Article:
But I still think that the question that you're not asking yourself because it's hard, it's really hard, is that who is more deserving of the resources? You seem to firmly believe that tracking (which is exactly what Meem1029 went thru - he didn't teach himself entirely, he was in a class) is very detrimental to lower ability students. So if it's detrimental to remedial students to have tracking and detrimental to advanced students to not have tracking, what are we going to do?
Here's a couple ideas to toss around
We could have simply two levels - average and advanced.
-I'm not sure if this would solve the seeming problem of tracking for the lower students of if this is still just straight tracking.
We could do away with all advanced things and simply put people in the grades they're ready for in various subjects.
-This wouldn't cost anything, but there are some problems with it. To your thought about the very socially minded person - they can still see all their current friends in other classes and make new ones in their math class - it's not isolation for everything, just one subject. Also, advanced students are often capable of learning things at a much faster rate, so even if they were placed in the class that initially was the right level, they'd soon be looking to skip again.
We could teach teachers about advancement - both full grade and subject-wise
-This is currently a scary thing for most teachers. There's a reason it took 6 months of fighting in order for my brothers to get the approval to skip a grade. Teachers and administrators are scared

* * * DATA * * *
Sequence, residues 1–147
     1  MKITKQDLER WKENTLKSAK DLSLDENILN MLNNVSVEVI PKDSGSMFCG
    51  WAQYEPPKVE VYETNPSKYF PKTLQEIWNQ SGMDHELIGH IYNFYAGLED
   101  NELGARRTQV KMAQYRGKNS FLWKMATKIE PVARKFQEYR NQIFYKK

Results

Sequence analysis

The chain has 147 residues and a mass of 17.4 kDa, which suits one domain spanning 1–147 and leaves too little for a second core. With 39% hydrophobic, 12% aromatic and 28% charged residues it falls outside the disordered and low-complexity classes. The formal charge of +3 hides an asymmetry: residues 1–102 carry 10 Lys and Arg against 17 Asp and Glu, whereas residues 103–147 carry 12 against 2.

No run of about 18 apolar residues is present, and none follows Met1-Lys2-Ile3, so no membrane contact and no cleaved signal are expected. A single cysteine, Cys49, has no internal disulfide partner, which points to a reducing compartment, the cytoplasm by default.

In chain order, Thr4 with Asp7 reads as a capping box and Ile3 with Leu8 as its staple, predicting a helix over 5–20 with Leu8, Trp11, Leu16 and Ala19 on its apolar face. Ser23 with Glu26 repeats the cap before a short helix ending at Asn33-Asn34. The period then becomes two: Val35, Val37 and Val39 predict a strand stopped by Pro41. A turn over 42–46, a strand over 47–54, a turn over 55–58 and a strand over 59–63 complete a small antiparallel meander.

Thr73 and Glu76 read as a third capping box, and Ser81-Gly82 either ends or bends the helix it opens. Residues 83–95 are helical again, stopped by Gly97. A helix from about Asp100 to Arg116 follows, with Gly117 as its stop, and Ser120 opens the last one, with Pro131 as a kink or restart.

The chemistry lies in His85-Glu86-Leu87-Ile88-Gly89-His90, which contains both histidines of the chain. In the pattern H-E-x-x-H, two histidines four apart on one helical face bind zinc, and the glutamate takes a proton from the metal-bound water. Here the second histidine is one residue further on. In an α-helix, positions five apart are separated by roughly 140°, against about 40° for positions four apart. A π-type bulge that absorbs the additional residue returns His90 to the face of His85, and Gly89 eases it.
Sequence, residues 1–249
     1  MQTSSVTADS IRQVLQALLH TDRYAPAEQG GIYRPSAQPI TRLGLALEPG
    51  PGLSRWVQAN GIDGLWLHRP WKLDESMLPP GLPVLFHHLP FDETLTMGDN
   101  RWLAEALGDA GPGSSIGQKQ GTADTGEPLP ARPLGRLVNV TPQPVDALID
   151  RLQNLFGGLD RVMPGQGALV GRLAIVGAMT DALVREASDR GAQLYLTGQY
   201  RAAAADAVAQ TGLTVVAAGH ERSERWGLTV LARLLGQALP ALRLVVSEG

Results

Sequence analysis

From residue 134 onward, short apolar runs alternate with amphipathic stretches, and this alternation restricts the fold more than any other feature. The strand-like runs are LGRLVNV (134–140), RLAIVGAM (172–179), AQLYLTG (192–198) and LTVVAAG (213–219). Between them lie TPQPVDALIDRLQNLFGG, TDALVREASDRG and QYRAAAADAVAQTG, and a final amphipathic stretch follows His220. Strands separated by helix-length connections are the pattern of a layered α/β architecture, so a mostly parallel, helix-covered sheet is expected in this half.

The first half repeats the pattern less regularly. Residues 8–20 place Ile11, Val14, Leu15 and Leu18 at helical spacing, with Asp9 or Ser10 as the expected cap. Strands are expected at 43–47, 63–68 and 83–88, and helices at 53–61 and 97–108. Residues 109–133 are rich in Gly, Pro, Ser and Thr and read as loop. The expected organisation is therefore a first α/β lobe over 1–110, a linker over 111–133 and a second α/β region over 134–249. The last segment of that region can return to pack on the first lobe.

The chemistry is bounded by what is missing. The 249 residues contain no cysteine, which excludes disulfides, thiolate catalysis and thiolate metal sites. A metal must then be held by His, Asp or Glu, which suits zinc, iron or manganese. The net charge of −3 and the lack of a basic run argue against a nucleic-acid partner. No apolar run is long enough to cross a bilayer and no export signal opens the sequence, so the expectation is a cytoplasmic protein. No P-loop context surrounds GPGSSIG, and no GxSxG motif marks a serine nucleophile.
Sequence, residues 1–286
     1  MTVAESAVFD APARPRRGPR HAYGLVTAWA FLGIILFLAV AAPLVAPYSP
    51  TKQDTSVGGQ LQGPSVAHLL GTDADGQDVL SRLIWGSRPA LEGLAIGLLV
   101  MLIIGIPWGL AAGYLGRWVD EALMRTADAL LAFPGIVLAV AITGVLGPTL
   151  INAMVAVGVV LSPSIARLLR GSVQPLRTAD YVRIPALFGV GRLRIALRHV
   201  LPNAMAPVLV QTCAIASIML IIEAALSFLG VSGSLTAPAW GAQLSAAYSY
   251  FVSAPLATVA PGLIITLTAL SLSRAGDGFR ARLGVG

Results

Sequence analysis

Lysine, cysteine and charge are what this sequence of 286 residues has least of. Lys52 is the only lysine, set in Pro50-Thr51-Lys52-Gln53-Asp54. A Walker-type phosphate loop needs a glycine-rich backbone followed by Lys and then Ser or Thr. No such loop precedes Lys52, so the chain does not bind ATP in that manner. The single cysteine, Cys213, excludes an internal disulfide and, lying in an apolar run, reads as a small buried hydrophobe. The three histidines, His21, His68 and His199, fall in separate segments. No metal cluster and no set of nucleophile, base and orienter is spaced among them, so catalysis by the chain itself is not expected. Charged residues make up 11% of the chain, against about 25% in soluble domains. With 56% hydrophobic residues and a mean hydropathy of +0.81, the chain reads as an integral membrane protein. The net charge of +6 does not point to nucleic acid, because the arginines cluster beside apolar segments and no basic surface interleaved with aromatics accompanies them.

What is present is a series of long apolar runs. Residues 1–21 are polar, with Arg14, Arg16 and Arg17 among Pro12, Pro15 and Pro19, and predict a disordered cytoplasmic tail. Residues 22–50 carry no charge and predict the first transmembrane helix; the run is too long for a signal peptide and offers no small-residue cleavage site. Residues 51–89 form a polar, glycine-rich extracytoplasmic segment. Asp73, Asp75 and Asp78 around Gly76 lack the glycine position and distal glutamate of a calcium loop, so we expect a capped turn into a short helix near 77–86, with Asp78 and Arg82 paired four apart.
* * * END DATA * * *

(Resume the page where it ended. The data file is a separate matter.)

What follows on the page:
We could completely reform lower education
-Perhaps something like having the exact same curriculum as the typical class, but with more teachers or for a longer time (this cut into electives which could be an issue, especially for students who typically under perform academically)
We could keep tracking, but be very diligent about it from an early age and have it not really relate to age at all.
-Some students will come to kindergarten being able to read, some will come not knowing what an A looks like. Obviously that shouldn't be taken into account when suggesting the next class for a student. What would be wonderful is some sort of test like an IQ test but that actually measures something worthwhile and that isn't biased, but I know that's just not feasible.
Quickness of mind should really be what tracking is about. So that people can move in between the tracks, perhaps have classes every once in a while, especially right before or after typical breaks (elementary to middle, etc.) where lost material is attempted to be made up if people want to switch. This may mean going over two years of material in one year, but it would be feasible if the students really wanted. If there were not enough students for the cram class, perhaps we could attempt to have those who want to move into the higher track learn some on their own. I don't like that idea, but it's possible.
Don't make tracks about age - make it about ability! No one has to stay with their grade. If they're quick, but were late reading, then put them in the advanced class that is traditionally a year younger than they are. If they're slow, but have learned some material before, put them in the slower class a grade higher. Yes, the slower track will not cover as much material overall, but that's what has to happen in order to have the remedial students actually learn the subject matter.
I also just found a study (sorry, behind a subscription wall) that indicates that lower ability students actually do better in